Halifax coach Richard Marshall admitted his side “let themselves down” in the key moments of yesterday’s 36-10 Championship loss to Sheffield.
For arguably the first time in Marshall’s reign as the club’s head coach, Fax never really threatened to deliver what could have been a crucial win.
The Eagles are now six points clear in third place, with Fax slipping from fourth to sixth, two points behind Dewsbury and Featherstone, who both won.
“It was probably the first game when I feel we let ourselves down,” said Marshall, whose side now host Doncaster at the Shay on Sunday (3.0) before a trip to unbeaten leaders Leigh.
“We’ve been in with a shout in every game we’ve played, but I didn’t feel like we were yesterday.
“The first half was poor by our standards; we put too much ball down.
“Our discipline was good in the first half and awful in the second.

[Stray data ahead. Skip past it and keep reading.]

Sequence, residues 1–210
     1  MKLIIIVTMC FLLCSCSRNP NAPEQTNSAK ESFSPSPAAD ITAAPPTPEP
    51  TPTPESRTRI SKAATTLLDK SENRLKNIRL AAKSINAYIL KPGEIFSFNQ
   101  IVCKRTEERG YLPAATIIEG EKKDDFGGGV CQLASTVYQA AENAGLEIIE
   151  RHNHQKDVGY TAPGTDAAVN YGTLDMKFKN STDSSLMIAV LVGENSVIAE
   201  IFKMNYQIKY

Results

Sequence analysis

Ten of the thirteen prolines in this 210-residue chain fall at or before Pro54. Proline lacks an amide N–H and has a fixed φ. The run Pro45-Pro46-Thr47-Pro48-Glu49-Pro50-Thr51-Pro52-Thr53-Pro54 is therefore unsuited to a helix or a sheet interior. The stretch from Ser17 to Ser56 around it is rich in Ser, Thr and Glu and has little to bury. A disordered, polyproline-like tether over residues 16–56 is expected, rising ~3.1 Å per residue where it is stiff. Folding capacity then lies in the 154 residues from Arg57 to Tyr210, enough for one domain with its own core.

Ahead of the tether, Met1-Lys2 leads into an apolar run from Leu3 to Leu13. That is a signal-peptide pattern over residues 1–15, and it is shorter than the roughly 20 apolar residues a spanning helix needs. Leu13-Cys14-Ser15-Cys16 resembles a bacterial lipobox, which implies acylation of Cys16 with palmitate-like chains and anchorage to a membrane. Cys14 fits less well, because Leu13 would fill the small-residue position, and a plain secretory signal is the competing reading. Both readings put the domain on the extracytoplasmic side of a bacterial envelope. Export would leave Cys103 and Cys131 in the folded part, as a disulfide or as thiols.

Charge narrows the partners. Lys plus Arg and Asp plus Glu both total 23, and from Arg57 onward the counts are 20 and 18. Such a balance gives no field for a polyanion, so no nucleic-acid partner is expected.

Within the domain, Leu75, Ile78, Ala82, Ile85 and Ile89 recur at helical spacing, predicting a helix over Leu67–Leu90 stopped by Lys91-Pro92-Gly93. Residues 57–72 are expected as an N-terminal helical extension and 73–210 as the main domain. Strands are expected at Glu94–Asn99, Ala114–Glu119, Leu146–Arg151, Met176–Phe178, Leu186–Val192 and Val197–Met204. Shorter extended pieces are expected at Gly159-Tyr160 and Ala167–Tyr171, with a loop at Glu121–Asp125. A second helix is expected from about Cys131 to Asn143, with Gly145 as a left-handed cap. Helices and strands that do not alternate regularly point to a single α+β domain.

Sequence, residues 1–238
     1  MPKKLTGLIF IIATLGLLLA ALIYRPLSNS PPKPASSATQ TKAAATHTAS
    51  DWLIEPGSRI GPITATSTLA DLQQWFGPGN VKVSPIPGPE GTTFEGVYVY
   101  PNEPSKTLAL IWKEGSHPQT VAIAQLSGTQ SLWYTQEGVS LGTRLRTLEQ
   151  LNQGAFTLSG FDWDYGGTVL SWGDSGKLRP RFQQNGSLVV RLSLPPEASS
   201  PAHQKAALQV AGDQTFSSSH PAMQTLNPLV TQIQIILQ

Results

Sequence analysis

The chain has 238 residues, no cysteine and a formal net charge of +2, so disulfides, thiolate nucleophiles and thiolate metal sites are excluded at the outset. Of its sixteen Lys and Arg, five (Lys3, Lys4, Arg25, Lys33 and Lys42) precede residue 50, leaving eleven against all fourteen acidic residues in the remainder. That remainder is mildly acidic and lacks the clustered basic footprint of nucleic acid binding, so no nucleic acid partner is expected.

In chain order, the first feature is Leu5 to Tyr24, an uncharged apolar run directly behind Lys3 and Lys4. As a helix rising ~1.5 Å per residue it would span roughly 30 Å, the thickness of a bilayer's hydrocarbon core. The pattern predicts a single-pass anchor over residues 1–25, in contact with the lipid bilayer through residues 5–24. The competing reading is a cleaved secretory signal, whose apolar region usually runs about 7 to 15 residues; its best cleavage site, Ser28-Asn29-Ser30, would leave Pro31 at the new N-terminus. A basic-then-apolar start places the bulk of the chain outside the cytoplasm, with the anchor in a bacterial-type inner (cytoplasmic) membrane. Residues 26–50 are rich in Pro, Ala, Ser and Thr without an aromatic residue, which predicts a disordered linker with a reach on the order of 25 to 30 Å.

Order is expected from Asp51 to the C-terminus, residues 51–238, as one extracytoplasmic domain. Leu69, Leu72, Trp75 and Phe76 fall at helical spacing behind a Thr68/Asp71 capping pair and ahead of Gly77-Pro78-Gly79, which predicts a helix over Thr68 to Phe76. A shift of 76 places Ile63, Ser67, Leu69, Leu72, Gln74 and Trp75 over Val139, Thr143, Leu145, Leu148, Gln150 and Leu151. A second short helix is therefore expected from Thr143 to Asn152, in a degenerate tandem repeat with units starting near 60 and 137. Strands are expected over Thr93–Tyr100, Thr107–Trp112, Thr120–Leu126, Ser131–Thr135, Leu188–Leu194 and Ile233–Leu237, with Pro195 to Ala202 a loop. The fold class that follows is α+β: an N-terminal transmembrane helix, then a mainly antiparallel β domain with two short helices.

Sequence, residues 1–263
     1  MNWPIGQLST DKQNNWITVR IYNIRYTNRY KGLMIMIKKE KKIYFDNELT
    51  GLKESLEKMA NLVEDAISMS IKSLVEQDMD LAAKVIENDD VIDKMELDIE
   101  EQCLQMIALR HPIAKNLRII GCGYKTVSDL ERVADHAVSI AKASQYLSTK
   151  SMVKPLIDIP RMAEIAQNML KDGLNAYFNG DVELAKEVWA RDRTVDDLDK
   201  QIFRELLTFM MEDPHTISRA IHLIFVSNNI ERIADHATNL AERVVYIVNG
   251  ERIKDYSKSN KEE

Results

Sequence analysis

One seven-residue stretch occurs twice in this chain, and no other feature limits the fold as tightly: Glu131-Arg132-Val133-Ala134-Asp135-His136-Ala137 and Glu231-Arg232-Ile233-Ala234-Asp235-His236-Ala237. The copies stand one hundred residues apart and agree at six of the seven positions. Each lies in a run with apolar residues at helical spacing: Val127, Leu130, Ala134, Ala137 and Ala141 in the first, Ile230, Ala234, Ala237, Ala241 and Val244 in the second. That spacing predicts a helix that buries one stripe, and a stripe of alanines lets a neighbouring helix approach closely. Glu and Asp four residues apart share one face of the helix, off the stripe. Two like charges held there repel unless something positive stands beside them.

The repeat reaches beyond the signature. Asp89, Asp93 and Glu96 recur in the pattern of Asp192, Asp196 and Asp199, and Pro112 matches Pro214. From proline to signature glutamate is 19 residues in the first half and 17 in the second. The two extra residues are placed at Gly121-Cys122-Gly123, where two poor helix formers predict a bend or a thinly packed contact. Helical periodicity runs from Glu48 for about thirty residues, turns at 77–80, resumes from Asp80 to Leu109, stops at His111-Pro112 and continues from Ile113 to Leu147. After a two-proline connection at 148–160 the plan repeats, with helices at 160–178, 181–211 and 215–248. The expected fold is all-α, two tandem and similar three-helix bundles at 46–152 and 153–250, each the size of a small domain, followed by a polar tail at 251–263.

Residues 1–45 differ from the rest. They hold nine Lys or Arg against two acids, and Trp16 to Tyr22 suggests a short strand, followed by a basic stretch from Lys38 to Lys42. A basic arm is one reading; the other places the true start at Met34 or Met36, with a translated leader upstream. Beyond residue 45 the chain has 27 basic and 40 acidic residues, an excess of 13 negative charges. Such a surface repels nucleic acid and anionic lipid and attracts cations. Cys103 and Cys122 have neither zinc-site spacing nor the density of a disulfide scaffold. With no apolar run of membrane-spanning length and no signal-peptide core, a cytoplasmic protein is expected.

“If you put those things together, the simple equation is that you get beat and unfortunately we got beaten by quite a lot of points.
“I’d be kidding if I said I didn’t look at the table and the teams around us.
“That result has made things very difficult for us in terms of the top four..
“But it’s not impossible, because there is still a long way to go.
“The first job is to train hard this week and put in a performance against Doncaster.”
Fax’s major issue yesterday was down their left side, with the combination of winger Alex Brown, centre Chris Taylor and on loan Widnes stand off Danny Craven picked apart with alarming ease by the Eagles, with former Fax winger Rob Worrincy registering a walk-in 14 minute hat trick as the home side opened up a matchwinning 22-0 first half lead.
“Danny was ill in the week and he was struggling to train on Thursday and I don’t think he was 100 per cent,” said Marshall.
“We’ll certainly be doing some work on those combinations this week.
“I thought Mitch Cahalane was great again at prop; we need a little bit of what he’s got across the park.
“We defended a lot better in that second half and when we got it back to 22-10 they were concerned enough to take a shot at goal, but when you start playing at 22-0 down you give yourself a mountain to climb.
“If you want to make those kind of comebacks, you need to score when you get good ball and we didn’t do that; we were running into touch, passing the ball behind, it wasn’t good enough.”